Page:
To help reduce the carbon footprint of ML, we believe energy usage and CO2e should be a key metric in evaluating models, and we are collaborating with MLPerf developers to include energy usage during training and inference in this industry standard benchmark.
Motivated by poor resource utilisation, we introduce a class of intermediary strategies between local and global learning referred to as interlocking backpropagation.
3 code implementations • 22 Apr 2020 • Azalia Mirhoseini, Anna Goldie, Mustafa Yazgan, Joe Jiang, Ebrahim Songhori, Shen Wang, Young-Joon Lee, Eric Johnson, Omkar Pathak, Sungmin Bae, Azade Nazi, Jiwoo Pak, Andy Tong, Kavya Srinivasa, William Hang, Emre Tuncer, Anand Babu, Quoc V. Le, James Laudon, Richard Ho, Roger Carpenter, Jeff Dean
To achieve these results, we pose placement as a Reinforcement Learning (RL) problem and train an agent to place the nodes of a chip netlist onto a chip canvas.
1 code implementation • 29 Mar 2019 • Alexander Ratner, Dan Alistarh, Gustavo Alonso, David G. Andersen, Peter Bailis, Sarah Bird, Nicholas Carlini, Bryan Catanzaro, Jennifer Chayes, Eric Chung, Bill Dally, Jeff Dean, Inderjit S. Dhillon, Alexandros Dimakis, Pradeep Dubey, Charles Elkan, Grigori Fursin, Gregory R. Ganger, Lise Getoor, Phillip B. Gibbons, Garth A. Gibson, Joseph E. Gonzalez, Justin Gottschlich, Song Han, Kim Hazelwood, Furong Huang, Martin Jaggi, Kevin Jamieson, Michael. I. Jordan, Gauri Joshi, Rania Khalaf, Jason Knight, Jakub Konečný, Tim Kraska, Arun Kumar, Anastasios Kyrillidis, Aparna Lakshmiratan, Jing Li, Samuel Madden, H. Brendan McMahan, Erik Meijer, Ioannis Mitliagkas, Rajat Monga, Derek Murray, Kunle Olukotun, Dimitris Papailiopoulos, Gennady Pekhimenko, Theodoros Rekatsinas, Afshin Rostamizadeh, Christopher Ré, Christopher De Sa, Hanie Sedghi, Siddhartha Sen, Virginia Smith, Alex Smola, Dawn Song, Evan Sparks, Ion Stoica, Vivienne Sze, Madeleine Udell, Joaquin Vanschoren, Shivaram Venkataraman, Rashmi Vinayak, Markus Weimer, Andrew Gordon Wilson, Eric Xing, Matei Zaharia, Ce Zhang, Ameet Talwalkar
Machine learning (ML) techniques are enjoying rapidly increasing adoption.
We propose Efficient Neural Architecture Search (ENAS), a fast and inexpensive approach for automatic model design.
Ranked #11 on Neural Architecture Search on NAS-Bench-201, CIFAR-10
no code implementations • 4 May 2018 • Yuan Yu, Martín Abadi, Paul Barham, Eugene Brevdo, Mike Burrows, Andy Davis, Jeff Dean, Sanjay Ghemawat, Tim Harley, Peter Hawkins, Michael Isard, Manjunath Kudlur, Rajat Monga, Derek Murray, Xiaoqiang Zheng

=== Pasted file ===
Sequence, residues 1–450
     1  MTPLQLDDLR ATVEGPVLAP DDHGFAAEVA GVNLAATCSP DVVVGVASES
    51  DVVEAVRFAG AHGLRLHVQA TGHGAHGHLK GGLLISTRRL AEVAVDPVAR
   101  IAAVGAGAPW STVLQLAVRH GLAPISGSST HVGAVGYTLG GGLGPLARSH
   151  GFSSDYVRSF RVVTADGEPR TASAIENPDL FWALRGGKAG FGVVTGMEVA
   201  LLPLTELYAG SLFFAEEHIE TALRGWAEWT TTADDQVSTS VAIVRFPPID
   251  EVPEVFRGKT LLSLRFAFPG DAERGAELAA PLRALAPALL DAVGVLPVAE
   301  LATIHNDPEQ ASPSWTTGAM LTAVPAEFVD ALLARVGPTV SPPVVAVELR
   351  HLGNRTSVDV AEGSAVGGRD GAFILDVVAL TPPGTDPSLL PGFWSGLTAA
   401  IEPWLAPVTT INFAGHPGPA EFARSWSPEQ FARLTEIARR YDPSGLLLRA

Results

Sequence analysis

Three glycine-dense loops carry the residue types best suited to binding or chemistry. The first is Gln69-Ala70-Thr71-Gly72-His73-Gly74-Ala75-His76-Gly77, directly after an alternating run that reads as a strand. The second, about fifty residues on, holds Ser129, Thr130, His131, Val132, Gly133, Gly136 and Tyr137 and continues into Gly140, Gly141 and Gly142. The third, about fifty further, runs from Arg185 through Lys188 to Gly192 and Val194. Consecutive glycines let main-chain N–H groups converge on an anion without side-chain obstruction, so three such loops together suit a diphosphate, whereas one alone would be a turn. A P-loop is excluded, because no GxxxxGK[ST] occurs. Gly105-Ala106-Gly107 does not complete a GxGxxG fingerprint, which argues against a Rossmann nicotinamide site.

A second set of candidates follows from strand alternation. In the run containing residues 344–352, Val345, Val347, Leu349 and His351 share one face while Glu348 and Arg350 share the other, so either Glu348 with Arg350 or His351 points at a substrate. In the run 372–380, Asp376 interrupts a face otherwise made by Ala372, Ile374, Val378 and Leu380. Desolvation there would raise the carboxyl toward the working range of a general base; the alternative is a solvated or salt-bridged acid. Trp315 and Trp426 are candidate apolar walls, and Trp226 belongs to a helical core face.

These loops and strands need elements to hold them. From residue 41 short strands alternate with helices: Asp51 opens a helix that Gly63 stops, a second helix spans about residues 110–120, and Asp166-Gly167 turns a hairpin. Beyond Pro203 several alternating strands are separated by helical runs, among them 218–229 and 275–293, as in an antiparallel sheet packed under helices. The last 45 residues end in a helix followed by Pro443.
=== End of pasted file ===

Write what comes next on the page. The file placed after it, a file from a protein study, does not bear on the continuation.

We describe the design of the programming model, and its implementation in TensorFlow, a distributed machine learning system.
The controller is trained with policy gradient to select a subgraph that maximizes the expected reward on the validation set.
no code implementations • 24 Jan 2018 • Alvin Rajkomar, Eyal Oren, Kai Chen, Andrew M. Dai, Nissan Hajaj, Peter J. Liu, Xiaobing Liu, Mimi Sun, Patrik Sundberg, Hector Yee, Kun Zhang, Gavin E. Duggan, Gerardo Flores, Michaela Hardt, Jamie Irvine, Quoc Le, Kurt Litsch, Jake Marcus, Alexander Mossin, Justin Tansuwan, De Wang, James Wexler, Jimbo Wilson, Dana Ludwig, Samuel L. Volchenboum, Katherine Chou, Michael Pearson, Srinivasan Madabushi, Nigam H. Shah, Atul J. Butte, Michael Howell, Claire Cui, Greg Corrado, Jeff Dean
Predictive modeling with electronic health record (EHR) data is anticipated to drive personalized medicine and improve healthcare quality.
We propose Efficient Neural Architecture Search (ENAS), a faster and less expensive approach to automated model design than previous methods.
We introduce a hierarchical model for efficient placement of computational graphs onto hardware devices, especially in heterogeneous environments with a mixture of CPUs, GPUs, and other computational devices.
Key to our method is the use of a sequence-to-sequence model to predict which subsets of operations in a TensorFlow graph should run on which of the available devices.
In this work, we address these challenges and finally realize the promise of conditional computation, achieving greater than 1000x improvements in model capacity with only minor losses in computational efficiency on modern GPU clusters.
Ranked #14 on Language Modelling on One Billion Word
A very simple way to improve the performance of almost any machine learning algorithm is to train many different models on the same data and then to average their predictions.
Ranked #13 on Knowledge Distillation on ImageNet
Albeit the simplicity of the resulting optimization problem, it is effective in improving both recognition and localization accuracy.
Modern visual recognition systems are often limited in their ability to scale to large numbers of object categories.
Ranked #3 on Zero-Shot Action Recognition on Kinetics
For example, is it possible to learn a face detector using only unlabeled images?